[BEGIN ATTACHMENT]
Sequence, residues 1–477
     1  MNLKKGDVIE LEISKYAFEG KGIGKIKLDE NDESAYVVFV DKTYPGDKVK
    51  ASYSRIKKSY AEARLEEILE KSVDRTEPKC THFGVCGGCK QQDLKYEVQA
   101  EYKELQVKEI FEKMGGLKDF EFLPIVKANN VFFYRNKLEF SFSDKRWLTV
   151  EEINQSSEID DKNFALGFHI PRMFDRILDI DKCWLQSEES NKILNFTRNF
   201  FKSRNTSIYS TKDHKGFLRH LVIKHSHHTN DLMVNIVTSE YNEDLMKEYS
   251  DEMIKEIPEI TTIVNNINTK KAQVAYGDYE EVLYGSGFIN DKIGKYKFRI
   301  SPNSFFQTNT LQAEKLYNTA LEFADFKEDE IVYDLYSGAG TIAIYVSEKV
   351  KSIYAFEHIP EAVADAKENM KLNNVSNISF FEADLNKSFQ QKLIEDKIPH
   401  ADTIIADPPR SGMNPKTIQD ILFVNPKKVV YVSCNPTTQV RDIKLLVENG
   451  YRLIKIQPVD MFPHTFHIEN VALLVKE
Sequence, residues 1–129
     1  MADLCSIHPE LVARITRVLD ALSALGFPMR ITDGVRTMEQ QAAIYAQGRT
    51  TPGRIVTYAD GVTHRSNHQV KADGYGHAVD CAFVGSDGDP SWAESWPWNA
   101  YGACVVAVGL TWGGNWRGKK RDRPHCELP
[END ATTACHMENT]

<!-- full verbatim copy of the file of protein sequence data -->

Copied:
Sequence, residues 1–477
     1  MNLKKGDVIE LEISKYAFEG KGIGKIKLDE NDESAYVVFV DKTYPGDKVK
    51  ASYSRIKKSY AEARLEEILE KSVDRTEPKC THFGVCGGCK QQDLKYEVQA
   101  EYKELQVKEI FEKMGGLKDF EFLPIVKANN VFFYRNKLEF SFSDKRWLTV
   151  EEINQSSEID DKNFALGFHI PRMFDRILDI DKCWLQSEES NKILNFTRNF
   201  FKSRNTSIYS TKDHKGFLRH LVIKHSHHTN DLMVNIVTSE YNEDLMKEYS
   251  DEMIKEIPEI TTIVNNINTK KAQVAYGDYE EVLYGSGFIN DKIGKYKFRI
   301  SPNSFFQTNT LQAEKLYNTA LEFADFKEDE IVYDLYSGAG TIAIYVSEKV
   351  KSIYAFEHIP EAVADAKENM KLNNVSNISF FEADLNKSFQ QKLIEDKIPH
   401  ADTIIADPPR SGMNPKTIQD ILFVNPKKVV YVSCNPTTQV RDIKLLVENG
   451  YRLIKIQPVD MFPHTFHIEN VALLVKE
Sequence, residues 1–129
     1  MADLCSIHPE LVARITRVLD ALSALGFPMR ITDGVRTMEQ QAAIYAQGRT
    51  TPGRIVTYAD GVTHRSNHQV KADGYGHAVD CAFVGSDGDP SWAESWPWNA
   101  YGACVVAVGL TWGGNWRGKK RDRPHCELP